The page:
Aquamarine Info

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Aquamarine *
Aquamarine (Lat. "aqua marina" = sea water) is one of the most popular and best-known gemstones, a cousin of emerald. It is a gemmy, pale to medium blue-green variety of beryl, similar to the color of the sky or sea water. Its color goes well to nearly any skin or eye color. Its physical properties enable cutters to create all shapes. Much more aquamarines are free of inclusions, in contrary to emeralds. Its hardness protects it to a large extent from scratches.
Aquamarine is usually cut in the step-cut or brilliant-cut. Aquamarine was alledgedly used for spectacles in ancient times.
It is the official state gem of Colorado / USA.

Formation and Resources

Aquamarine usually occurs in granite pegmatites, as well as in hydrothermal carbonate veins and greisens (highly altered granitic rocks, formed by endoskarn alteration of granite during the cooling stages of emplacement). It is associated with quartz, feldspars, muscovite, biotite, garnet, phenakite, and topaz. Because of its hardness and density, it is also found in alluvial deposits.

* Photo by kind permission of ©, Dr. Robert Lavinsky.

Aquamarine *
Aquamarine is widely distributed. Gemmy crystals are found worldwide, in its primary situation in granite and similar rock's druses. It occurs also in secondary (alluvial) deposits.
The majority of aquamarine is found in Brazil. The largest aquamarine (110 kg) was found in 1910, at Marambaia / Minas Gerais / Brazil. Other important deposits are in Angola, Kenya, central Madagascar, Malawi, Nigeria, Mozambique, Pakistan, the Ural Mountains in Russia, Tanzania, Colorado / USA, and Zambia. The Brazilian deposits with large, clear, and well crystallized stones are located in Bahia, Espirito Santo, and Minas Gerais. In Brazil, aquamarine is associated with chrysoberyl, topaz, sometimes diamonds and other minerals, found in the sands of the "Minas Novas" district in Minas Gerais. Near Rio de Janeiro aquamarine is found in granite veins penetrating gneiss.
Comparable with the Brazilian deposits are the Russian deposits in the Ural Mountains (Mursinka and Shaitanka), and in Siberia. At first all the aquamarine mines were located in the surroundings of Mursinka. Later other deposits were found in neighboring villages like Alabashka, Sarapulskaya, Shaitanka, Sisikova, and Yushakova.

* Photo by kind permission of ©, Dr. Robert Lavinsky.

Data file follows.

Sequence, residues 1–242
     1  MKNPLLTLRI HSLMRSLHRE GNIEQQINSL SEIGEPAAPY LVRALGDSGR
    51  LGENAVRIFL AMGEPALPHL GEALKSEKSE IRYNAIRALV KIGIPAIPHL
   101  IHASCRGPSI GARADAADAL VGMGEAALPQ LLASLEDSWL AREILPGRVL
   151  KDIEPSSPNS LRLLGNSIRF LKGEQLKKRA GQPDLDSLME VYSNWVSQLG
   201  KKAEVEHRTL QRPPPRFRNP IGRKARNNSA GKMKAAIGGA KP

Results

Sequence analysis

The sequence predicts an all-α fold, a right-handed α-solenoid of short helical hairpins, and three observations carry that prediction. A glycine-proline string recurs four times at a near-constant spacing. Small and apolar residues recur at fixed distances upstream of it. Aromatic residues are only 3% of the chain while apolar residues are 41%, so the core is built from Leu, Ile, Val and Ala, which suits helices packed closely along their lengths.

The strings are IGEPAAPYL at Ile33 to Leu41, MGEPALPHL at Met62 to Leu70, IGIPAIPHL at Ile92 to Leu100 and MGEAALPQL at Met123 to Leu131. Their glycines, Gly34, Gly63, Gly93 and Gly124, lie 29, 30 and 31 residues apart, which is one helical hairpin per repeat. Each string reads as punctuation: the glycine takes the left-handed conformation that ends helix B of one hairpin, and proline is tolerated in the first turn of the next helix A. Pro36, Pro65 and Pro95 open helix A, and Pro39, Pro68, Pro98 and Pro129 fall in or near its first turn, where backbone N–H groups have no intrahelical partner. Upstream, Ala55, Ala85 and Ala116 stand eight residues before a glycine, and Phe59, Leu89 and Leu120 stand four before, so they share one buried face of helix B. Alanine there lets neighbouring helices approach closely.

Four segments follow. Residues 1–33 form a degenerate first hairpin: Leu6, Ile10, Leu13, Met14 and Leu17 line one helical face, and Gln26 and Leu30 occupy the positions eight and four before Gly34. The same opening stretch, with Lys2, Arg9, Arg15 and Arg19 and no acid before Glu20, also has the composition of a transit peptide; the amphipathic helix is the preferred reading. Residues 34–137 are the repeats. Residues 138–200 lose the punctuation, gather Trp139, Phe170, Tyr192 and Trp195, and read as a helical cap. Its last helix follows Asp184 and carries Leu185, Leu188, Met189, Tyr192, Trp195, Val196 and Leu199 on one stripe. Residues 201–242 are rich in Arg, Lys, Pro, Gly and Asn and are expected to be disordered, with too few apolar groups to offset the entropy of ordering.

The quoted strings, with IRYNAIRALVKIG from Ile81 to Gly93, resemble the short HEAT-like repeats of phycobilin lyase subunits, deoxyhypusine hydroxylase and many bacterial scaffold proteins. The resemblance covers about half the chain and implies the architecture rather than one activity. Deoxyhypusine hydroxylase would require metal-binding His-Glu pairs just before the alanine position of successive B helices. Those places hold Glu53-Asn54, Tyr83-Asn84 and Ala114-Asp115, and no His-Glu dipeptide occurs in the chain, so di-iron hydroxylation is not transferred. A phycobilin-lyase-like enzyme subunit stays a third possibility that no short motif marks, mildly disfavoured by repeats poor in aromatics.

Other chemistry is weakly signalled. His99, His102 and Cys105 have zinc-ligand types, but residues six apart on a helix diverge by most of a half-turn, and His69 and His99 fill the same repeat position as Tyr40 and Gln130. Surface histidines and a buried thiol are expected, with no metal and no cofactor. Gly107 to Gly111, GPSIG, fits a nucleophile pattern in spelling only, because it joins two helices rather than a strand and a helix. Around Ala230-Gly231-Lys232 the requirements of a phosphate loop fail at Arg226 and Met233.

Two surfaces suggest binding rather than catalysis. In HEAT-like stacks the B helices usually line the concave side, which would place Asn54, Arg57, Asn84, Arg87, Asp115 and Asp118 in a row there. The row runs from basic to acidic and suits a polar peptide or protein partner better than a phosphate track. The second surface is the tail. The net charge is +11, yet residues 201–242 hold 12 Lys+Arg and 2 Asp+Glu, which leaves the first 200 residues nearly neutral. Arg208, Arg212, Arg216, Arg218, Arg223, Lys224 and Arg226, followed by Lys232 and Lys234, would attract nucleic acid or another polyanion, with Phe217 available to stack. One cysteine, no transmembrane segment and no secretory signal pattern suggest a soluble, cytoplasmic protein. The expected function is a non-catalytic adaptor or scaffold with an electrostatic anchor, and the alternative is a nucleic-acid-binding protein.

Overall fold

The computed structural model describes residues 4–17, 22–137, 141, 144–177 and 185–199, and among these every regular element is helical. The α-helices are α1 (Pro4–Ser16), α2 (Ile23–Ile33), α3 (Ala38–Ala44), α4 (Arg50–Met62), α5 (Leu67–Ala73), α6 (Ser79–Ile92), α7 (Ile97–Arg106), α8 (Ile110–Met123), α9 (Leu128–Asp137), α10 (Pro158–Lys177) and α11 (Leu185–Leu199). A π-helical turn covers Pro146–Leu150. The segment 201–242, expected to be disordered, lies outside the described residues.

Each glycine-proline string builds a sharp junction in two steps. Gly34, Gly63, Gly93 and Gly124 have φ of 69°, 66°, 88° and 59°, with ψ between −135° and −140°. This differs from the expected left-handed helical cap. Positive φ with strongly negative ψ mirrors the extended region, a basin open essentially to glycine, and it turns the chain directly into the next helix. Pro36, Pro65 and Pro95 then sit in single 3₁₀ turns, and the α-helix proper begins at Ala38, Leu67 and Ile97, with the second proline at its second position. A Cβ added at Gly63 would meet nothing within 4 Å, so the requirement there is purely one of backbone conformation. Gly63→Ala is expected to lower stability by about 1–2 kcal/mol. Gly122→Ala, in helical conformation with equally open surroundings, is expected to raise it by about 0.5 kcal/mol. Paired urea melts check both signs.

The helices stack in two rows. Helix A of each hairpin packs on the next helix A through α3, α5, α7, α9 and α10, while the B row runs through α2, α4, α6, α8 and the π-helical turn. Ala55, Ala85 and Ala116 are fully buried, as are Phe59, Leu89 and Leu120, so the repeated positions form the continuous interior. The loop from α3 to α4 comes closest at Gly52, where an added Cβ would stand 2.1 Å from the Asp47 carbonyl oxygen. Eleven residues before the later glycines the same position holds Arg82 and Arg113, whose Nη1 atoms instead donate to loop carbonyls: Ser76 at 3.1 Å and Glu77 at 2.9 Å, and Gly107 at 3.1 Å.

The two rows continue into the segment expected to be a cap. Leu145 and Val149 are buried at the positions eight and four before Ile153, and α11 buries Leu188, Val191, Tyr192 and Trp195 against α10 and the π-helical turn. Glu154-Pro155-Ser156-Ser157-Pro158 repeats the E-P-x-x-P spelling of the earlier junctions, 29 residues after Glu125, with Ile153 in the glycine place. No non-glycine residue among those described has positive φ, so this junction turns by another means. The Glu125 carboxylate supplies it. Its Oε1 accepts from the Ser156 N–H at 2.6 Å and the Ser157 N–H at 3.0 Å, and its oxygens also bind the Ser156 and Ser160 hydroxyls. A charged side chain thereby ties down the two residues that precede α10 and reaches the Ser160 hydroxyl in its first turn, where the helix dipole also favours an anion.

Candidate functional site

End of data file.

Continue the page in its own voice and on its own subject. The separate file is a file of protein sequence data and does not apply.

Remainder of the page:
Aquamarine *
Aquamarine was already known and valued in Sumerian, Egyptian, Greek, and Roman times as a symbol of happiness and everlasting youth. Greeks and Romans esteemed it as their sailors' friend, ensuring their safe and prosperous shippings. In Medieval times aquamarine was believed as antidote for poison, and correlated with the apostle St. Thomas and his several journeys by sea. In those times aquamarine was also thought to re-awaken the love of a married couple, and to make soldiers invincible.


The blue color of aquamarine is caused by traces (1 - 2%) of iron substituting the Al atoms in the beryl crystal. The color of a crystal ranges from pale blueish-green to pale blue, depending of the amount of iron in the crystal, and where the iron atoms are located within the crystal structure. Dark colored aquamarine is very rare. A few of such sapphire-blue stones are found at Royalston / Massachusetts / USA.
If Fe3+ replaces the Al atoms, a yellowish color is shown. Fe2+ produces blue crystals. If both are present, the mineral shows a greenish color ("green beryl").
Heat treatment (750° F / 400° C) of green beryl reduces Fe3+ to Fe2+ so that the color changes into blue. Nearly all todays aquamarines are heat-treated.

* Photo by kind permission of Sarah Sudcowsky who called this superb stone "Erongo Emperor" because of its beauty and size (6.5 x 7 x 4 cm, aquamarine on feldspar and perfect smoky quartzes, scattered with schorl).


The prices of aquamarines depend on their color and clarity. Dark blue, flawless stones are most valuable. Heat treatment is generally accepted. Only very good colored (darker blue), perfect stones are higher priced but less valuable than comparable emeralds. Of course the value of a clear, blue aquamarine is proportional to its size. Most people have never seen a deeper blue, valuable aquamarine whose color rivals the blue sapphire color. Light blue aquamarines are priced comparable to green tourmaline.
Today nearly all sizes are easily available. As the size increases, the aquamarine's color intensifies.

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